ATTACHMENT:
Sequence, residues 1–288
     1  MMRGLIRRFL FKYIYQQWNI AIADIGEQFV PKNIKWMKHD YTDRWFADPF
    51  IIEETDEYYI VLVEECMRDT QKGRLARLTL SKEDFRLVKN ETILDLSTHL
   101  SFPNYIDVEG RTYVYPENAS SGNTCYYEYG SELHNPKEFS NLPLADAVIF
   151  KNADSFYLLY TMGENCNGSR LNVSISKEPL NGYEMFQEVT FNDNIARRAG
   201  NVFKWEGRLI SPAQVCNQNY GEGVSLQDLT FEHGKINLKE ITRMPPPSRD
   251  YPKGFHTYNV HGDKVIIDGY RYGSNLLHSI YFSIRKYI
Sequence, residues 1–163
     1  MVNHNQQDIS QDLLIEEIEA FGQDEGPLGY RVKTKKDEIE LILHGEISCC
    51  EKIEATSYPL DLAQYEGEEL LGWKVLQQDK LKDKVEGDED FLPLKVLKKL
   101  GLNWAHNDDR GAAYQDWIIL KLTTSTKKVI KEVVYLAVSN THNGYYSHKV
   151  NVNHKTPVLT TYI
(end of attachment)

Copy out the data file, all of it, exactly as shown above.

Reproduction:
Sequence, residues 1–288
     1  MMRGLIRRFL FKYIYQQWNI AIADIGEQFV PKNIKWMKHD YTDRWFADPF
    51  IIEETDEYYI VLVEECMRDT QKGRLARLTL SKEDFRLVKN ETILDLSTHL
   101  SFPNYIDVEG RTYVYPENAS SGNTCYYEYG SELHNPKEFS NLPLADAVIF
   151  KNADSFYLLY TMGENCNGSR LNVSISKEPL NGYEMFQEVT FNDNIARRAG
   201  NVFKWEGRLI SPAQVCNQNY GEGVSLQDLT FEHGKINLKE ITRMPPPSRD
   251  YPKGFHTYNV HGDKVIIDGY RYGSNLLHSI YFSIRKYI
Sequence, residues 1–163
     1  MVNHNQQDIS QDLLIEEIEA FGQDEGPLGY RVKTKKDEIE LILHGEISCC
    51  EKIEATSYPL DLAQYEGEEL LGWKVLQQDK LKDKVEGDED FLPLKVLKKL
   101  GLNWAHNDDR GAAYQDWIIL KLTTSTKKVI KEVVYLAVSN THNGYYSHKV
   151  NVNHKTPVLT TYI